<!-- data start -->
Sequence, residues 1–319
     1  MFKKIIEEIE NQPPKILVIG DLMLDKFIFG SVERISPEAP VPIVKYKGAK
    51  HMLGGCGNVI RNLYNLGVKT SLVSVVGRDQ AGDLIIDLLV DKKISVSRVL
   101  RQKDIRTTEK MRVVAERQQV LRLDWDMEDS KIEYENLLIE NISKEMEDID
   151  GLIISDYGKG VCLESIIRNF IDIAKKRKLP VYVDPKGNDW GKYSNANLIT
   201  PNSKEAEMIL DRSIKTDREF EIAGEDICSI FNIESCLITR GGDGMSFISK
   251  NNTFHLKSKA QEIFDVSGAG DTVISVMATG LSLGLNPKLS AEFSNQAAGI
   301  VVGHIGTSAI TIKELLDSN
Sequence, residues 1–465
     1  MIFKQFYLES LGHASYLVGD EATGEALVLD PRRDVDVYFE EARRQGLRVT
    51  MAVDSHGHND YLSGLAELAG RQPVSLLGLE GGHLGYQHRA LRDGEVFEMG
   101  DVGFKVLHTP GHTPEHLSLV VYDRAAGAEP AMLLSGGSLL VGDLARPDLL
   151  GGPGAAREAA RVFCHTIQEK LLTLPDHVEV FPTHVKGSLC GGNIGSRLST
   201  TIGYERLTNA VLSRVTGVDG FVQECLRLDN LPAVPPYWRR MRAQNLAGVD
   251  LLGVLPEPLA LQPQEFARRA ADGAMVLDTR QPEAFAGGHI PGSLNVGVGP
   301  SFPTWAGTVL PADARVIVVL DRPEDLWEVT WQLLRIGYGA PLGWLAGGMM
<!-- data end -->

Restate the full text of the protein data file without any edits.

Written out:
Sequence, residues 1–319
     1  MFKKIIEEIE NQPPKILVIG DLMLDKFIFG SVERISPEAP VPIVKYKGAK
    51  HMLGGCGNVI RNLYNLGVKT SLVSVVGRDQ AGDLIIDLLV DKKISVSRVL
   101  RQKDIRTTEK MRVVAERQQV LRLDWDMEDS KIEYENLLIE NISKEMEDID
   151  GLIISDYGKG VCLESIIRNF IDIAKKRKLP VYVDPKGNDW GKYSNANLIT
   201  PNSKEAEMIL DRSIKTDREF EIAGEDICSI FNIESCLITR GGDGMSFISK
   251  NNTFHLKSKA QEIFDVSGAG DTVISVMATG LSLGLNPKLS AEFSNQAAGI
   301  VVGHIGTSAI TIKELLDSN
Sequence, residues 1–465
     1  MIFKQFYLES LGHASYLVGD EATGEALVLD PRRDVDVYFE EARRQGLRVT
    51  MAVDSHGHND YLSGLAELAG RQPVSLLGLE GGHLGYQHRA LRDGEVFEMG
   101  DVGFKVLHTP GHTPEHLSLV VYDRAAGAEP AMLLSGGSLL VGDLARPDLL
   151  GGPGAAREAA RVFCHTIQEK LLTLPDHVEV FPTHVKGSLC GGNIGSRLST
   201  TIGYERLTNA VLSRVTGVDG FVQECLRLDN LPAVPPYWRR MRAQNLAGVD
   251  LLGVLPEPLA LQPQEFARRA ADGAMVLDTR QPEAFAGGHI PGSLNVGVGP
   301  SFPTWAGTVL PADARVIVVL DRPEDLWEVT WQLLRIGYGA PLGWLAGGMM